• Possible regulation (Score:3, Interesting)

    by nenya (557317) on Sunday March 07, 2004 @11:11AM (#8490637) Homepage
    I am strongly opposed to the idea of regulating software for the general market. Even though certain things like power, water, and transportation may need some kind of regulation, the price we pay for uniformity is inefficiency, bloat, and increased cost. Regulation tends to involve tax advantages for companies in compliance, which tends to stifle innovation by advantaging the status quo.

    However, I am not entirely opposed to regulating software for government use. This makes a lot of sense to me, actually. If you want to get the government contract, you should have to meet certain standards, especially security standards. A business could do this, so there's no reason the government couldn't. The possible advantages would be an optional but well recognized standard that companies could meet if they wanted but are capable of declining if they so choose. I do think a open-source clause could be a good thing.

    The drawback here is that powerful (read "rich") parties would probably be able to write the regulations so that they are biased towards particular kinds of software, if not particular brands. They could also probably prevent an OSS clause from being adopted, if not actually requiring close source.

    Any time we experiment with giving the government more control over anything, we need to be very careful. Governments do not relinquish their powers. They always and only expand them. Regulating software, even in a limited capacity, sounds to me a lot like the proverbial foot in the door.
    • by cpghost (719344)

      I am not entirely opposed to regulating software for government use.

      See FIPS requirements.

      Governments do not relinquish their powers. They always and only expand them.

      Sad, but true. And that's exactly the reason why we need to be extra careful when we call for Government's "help."

      Frankly, I believe that software is also a way to express opinions, both technical and political. Government control of software would be in direct contradiction of free speech, wouldn't it?

  • Excellent article (Score:5, Interesting)

    by pieterh (196118) on Sunday March 07, 2004 @11:12AM (#8490643) Homepage
    Fair and balanced.

    But it's not really a war between opposing sides. It's a war between the furture and the past. And the past is doomed to failure, simply because the technology curve has progressed to the point where large chunks of the software ecology are essentially free. Microsoft and Oracle unhappily sit right in the middle of this territory. Apple, IBM do not. I wrote about this in an editorial last year. [imatix.com]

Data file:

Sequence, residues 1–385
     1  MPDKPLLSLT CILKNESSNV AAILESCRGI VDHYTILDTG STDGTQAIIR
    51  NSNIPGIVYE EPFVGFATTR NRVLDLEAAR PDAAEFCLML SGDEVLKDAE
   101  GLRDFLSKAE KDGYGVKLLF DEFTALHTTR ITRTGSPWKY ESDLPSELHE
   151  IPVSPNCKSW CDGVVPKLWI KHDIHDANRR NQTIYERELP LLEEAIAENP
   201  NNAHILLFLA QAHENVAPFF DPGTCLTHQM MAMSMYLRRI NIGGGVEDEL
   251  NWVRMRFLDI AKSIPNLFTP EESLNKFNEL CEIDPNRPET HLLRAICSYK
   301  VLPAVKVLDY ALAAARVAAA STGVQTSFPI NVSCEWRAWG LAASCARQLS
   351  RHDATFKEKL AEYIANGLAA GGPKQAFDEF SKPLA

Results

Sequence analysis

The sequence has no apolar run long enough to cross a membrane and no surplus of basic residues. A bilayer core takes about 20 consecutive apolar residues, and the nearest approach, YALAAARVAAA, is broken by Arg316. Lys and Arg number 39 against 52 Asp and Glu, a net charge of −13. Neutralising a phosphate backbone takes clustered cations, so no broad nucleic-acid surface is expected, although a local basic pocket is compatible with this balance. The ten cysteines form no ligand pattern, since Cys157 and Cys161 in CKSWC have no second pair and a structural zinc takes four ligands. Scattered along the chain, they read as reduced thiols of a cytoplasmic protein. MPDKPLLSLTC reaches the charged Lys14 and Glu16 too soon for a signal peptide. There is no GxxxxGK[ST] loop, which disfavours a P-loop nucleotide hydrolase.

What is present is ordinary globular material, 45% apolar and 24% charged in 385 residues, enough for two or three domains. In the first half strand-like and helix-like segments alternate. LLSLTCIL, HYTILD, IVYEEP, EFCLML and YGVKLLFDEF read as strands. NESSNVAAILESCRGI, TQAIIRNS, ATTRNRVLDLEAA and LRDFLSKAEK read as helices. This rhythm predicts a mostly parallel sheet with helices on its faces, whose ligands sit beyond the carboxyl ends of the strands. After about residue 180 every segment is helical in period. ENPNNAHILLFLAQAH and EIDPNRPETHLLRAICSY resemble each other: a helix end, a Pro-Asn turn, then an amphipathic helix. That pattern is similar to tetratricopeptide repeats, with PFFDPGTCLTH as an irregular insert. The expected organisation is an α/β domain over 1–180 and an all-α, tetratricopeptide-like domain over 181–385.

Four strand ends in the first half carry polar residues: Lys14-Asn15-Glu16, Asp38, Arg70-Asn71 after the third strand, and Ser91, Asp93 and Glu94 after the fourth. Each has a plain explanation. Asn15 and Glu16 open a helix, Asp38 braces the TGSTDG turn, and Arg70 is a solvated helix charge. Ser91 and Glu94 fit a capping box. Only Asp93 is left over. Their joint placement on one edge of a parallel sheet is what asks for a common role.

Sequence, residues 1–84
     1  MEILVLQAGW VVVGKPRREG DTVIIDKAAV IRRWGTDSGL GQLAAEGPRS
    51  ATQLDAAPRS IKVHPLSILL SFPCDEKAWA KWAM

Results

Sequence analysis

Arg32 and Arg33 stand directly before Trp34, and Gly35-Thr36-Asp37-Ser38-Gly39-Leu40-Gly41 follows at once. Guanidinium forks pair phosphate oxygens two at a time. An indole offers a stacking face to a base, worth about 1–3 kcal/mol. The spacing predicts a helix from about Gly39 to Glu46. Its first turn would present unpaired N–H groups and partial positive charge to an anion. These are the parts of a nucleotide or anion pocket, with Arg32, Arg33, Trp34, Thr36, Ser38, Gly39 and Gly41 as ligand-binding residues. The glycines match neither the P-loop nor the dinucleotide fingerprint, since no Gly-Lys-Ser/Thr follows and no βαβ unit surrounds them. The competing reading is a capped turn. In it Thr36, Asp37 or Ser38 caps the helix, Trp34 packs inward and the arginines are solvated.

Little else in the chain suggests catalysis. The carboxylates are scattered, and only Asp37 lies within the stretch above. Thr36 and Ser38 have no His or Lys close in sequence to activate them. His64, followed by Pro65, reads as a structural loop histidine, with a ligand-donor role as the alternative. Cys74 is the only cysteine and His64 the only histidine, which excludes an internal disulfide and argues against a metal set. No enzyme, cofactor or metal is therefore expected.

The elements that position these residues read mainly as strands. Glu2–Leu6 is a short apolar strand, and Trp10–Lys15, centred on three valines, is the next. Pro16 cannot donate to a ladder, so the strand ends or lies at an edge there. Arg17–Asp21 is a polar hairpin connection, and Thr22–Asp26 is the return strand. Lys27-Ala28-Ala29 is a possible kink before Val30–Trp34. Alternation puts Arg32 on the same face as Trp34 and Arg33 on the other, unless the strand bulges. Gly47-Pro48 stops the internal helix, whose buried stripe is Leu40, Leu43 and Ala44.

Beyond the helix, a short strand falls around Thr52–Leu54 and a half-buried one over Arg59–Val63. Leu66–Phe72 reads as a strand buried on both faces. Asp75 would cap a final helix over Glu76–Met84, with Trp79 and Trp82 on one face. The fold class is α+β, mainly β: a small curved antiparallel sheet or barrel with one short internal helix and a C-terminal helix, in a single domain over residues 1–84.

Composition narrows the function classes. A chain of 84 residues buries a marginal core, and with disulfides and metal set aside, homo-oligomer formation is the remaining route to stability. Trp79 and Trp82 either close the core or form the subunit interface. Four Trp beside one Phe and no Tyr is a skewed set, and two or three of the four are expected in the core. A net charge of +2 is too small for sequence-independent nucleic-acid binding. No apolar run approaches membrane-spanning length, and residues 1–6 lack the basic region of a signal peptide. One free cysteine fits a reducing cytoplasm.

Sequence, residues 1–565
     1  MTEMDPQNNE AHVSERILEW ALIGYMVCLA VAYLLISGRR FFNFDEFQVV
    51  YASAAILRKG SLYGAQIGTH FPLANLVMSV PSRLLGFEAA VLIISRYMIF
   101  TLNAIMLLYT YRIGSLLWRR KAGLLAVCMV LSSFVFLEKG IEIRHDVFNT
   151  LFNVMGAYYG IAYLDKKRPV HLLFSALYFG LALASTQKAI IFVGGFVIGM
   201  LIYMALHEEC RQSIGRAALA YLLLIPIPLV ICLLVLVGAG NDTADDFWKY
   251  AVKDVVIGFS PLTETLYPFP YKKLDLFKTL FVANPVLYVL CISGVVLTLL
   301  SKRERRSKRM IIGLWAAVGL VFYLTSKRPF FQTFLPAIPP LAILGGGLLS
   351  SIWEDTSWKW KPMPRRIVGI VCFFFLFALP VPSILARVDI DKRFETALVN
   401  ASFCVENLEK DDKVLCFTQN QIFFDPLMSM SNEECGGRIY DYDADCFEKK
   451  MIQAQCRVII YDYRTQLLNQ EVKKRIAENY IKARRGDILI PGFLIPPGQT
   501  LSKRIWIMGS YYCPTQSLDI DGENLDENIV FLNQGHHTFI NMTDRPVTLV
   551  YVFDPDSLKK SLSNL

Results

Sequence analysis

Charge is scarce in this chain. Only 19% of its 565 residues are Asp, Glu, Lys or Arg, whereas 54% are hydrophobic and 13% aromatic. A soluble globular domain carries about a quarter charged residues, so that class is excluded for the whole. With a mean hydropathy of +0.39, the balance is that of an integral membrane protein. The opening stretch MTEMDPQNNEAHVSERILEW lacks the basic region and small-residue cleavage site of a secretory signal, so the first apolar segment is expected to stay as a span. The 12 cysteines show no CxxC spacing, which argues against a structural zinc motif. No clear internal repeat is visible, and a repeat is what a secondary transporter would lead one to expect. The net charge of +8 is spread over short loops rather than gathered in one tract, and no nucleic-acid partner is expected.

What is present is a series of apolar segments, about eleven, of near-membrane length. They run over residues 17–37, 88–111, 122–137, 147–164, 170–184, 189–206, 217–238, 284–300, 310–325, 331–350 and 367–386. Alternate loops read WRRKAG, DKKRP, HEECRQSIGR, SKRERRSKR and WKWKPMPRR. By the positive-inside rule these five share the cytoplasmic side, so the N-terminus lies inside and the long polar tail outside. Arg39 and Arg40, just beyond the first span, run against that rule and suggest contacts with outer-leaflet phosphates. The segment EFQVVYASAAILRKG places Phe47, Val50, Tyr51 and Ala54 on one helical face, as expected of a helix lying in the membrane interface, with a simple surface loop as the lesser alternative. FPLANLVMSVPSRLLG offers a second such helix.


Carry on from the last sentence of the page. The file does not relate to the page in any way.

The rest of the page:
• It is rather ironic that Microsoft and other closed model companies rather resemble the Stalinist or Maoist model of a command economy with complete centralised control.

    Yes, and so does the human nervous system. So that must mean that we are all Stalinists! I wonder why Fascist/Hitlerian was left out, as the command structure there is exactly the same as in a Communist system.
  • by Anonymous Coward on Sunday March 07, 2004 @11:16AM (#8490661)
    When you say you don't like Microsoft, you really don't like the choices millions of people make. I've been in this business long enough to know an analogy to war is ridiculous. You seem to believe that any choice of Microsoft is illegitimate and that open source can't fight fair in a free market, which is the big joke. Linux is doing great without the government, thank you.

    And this committee for patriotic software, should it ever be enacted, will be the downfall of open source. It will be just another control point for power and allow the morality police a central point of control. It will become a do-nothing political body like all the rest.
  • by FreeLinux (555387) on Sunday March 07, 2004 @11:16AM (#8490665)
    start thinking about how we persuade governments that market in software may eventually need to be regulated